There is a scene in the Oscar-buzzy movie Her where Joaquin Phoenix’s character plays a 3D video game in the comfort of his own living room, using his fingers to urge his avatar to scurry along, with the game world projected in front of him. It’s a dreamlike technology that feels within our grasp—we can already use our bodies as video game controllers—but more than ever, the idea of a 3D home set now looks like a dream that will never be.
On Monday, at a major tech conference, TV manufacturers Vizio announced that it’s abandoning support for 3D home televisions in favour of extremely high-def, albeit extremely flat, 4K TVs. This news is likely a blessing in disguise for Canadian broadcasters, which never truly committed to the once-slick medium.
The decision by Vizio—which has earned significant market share in the U.S. by offering affordable sets—is the long-foreseen flatline for the product, one that never caught on for a fundamentally simple, even comically simple, reason: people don’t want to wear glasses on their face when they don’t have to.
But the 3D TV’s fade from neat novelty to passé tchotchke was quicker coming in the U.S. than in Canada, simply because Canadian broadcasters never seemed to fully embrace it. Bell TV led the way in April 2010 with coverage of the Masters in 3D, but beyond a paid service to watch 3D movies for six hours one day a week, it’s been a lot of bluster and not a lot of Avatar-inspired game-changing. In December 2010, CBC made much ado about bringing two NHL games to 3D. But the buggy and expensive service was summarily shuffled aside, and CBC has not returned to it yet. And whereas ESPN’s 3D department (and its subsequent December shuttering) was big news, and NBC and BBC invested heavily to broadcast the 2012 Summer Olympics in 3D, Canadian broadcasts remained in reliable old 2D.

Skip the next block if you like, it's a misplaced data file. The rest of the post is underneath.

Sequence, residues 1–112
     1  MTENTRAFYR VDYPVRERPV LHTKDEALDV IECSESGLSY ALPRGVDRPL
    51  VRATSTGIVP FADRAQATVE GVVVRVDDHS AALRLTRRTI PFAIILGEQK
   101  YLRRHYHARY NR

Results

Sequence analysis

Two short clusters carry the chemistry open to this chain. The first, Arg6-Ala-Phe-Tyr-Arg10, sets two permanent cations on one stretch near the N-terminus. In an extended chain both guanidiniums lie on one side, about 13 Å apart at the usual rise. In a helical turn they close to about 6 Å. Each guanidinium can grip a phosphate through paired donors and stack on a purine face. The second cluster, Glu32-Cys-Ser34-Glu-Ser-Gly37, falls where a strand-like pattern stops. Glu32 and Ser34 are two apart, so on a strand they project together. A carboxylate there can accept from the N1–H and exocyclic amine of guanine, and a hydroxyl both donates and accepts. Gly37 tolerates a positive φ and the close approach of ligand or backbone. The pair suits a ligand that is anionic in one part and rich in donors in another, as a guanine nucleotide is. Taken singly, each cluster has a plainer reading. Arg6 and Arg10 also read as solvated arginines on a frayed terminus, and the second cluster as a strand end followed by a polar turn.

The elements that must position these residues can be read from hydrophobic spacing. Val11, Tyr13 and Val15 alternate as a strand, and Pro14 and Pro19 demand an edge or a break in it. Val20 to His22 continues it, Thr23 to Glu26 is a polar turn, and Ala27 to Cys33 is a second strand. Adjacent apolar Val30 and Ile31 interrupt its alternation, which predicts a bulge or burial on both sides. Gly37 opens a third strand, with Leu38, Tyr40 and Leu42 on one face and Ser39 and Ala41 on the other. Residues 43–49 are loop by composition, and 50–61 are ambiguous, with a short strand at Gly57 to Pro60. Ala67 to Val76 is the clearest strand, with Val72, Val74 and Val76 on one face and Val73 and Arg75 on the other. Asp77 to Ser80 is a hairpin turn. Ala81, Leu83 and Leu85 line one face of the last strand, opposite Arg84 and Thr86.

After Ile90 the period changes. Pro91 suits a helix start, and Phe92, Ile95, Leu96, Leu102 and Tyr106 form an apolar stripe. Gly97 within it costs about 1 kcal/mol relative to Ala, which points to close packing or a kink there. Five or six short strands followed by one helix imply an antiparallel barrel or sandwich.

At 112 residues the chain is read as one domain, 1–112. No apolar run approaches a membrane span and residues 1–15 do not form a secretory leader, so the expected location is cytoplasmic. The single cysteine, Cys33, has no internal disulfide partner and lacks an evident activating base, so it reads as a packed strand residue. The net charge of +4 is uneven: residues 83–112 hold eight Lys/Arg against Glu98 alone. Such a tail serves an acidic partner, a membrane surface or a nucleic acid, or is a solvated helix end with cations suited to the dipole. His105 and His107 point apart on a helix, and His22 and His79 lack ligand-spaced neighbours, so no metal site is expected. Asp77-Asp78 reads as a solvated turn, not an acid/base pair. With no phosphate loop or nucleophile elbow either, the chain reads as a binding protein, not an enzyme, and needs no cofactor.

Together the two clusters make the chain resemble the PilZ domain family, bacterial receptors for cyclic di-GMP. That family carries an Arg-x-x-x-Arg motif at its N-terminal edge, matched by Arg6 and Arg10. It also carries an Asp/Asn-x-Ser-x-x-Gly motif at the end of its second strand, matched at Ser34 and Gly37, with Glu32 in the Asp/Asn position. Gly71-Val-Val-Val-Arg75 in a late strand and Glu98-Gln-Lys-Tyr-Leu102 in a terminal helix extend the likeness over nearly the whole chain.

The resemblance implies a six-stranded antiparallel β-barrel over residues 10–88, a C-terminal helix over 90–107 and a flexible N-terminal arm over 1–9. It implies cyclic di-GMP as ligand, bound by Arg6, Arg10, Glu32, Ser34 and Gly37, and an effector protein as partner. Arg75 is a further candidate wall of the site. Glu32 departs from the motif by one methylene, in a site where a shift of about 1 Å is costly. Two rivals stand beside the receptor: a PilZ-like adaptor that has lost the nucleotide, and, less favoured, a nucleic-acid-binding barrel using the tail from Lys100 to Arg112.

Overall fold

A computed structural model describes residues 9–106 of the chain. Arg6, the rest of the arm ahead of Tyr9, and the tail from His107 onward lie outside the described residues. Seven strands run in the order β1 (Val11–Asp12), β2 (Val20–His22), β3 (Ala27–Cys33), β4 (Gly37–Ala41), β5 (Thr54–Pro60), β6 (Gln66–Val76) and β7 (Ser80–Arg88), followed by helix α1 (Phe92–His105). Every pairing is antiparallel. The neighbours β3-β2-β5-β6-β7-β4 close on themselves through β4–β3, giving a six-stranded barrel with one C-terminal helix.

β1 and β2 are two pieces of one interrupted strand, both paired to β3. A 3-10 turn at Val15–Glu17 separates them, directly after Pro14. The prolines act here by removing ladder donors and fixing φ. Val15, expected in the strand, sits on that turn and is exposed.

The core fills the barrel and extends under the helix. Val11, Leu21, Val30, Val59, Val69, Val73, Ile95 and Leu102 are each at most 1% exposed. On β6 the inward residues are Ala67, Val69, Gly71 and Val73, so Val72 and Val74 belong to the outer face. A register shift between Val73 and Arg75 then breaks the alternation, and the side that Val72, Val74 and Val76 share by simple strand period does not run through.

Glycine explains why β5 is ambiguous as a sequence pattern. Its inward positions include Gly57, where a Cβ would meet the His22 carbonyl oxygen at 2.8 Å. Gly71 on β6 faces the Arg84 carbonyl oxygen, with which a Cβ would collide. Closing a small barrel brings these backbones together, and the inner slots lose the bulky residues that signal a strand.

That reality was likely motivated by Canadians’ growing affection for Netflix, which a few months ago announced that it was fully invested in the 4K technology. It’s also because cash is king: 3D Camera Company told TechVibes blog that 3D production work can cost as much as $80,000 a minute. As CBC’s general manager of technology Fred Mattocks told The Canadian Press in 2011, costs and “small” viewership dimmed the CBC’s interest in it. “At the end of the day right now, I’m not as bullish on 3D as I was a year ago.”
So Canadian broadcasters appear to have backed into a wise decision by not committing serious funds to a struggling medium, and they may be happy to breathe a sigh of relief that there will be decreasing pressure to provide it. And while 3D TV seems headed the way of the laser disc, time will still tell whether or not 4K will be the innovator to lift flagging TV sales. After all, the revolution must be televised.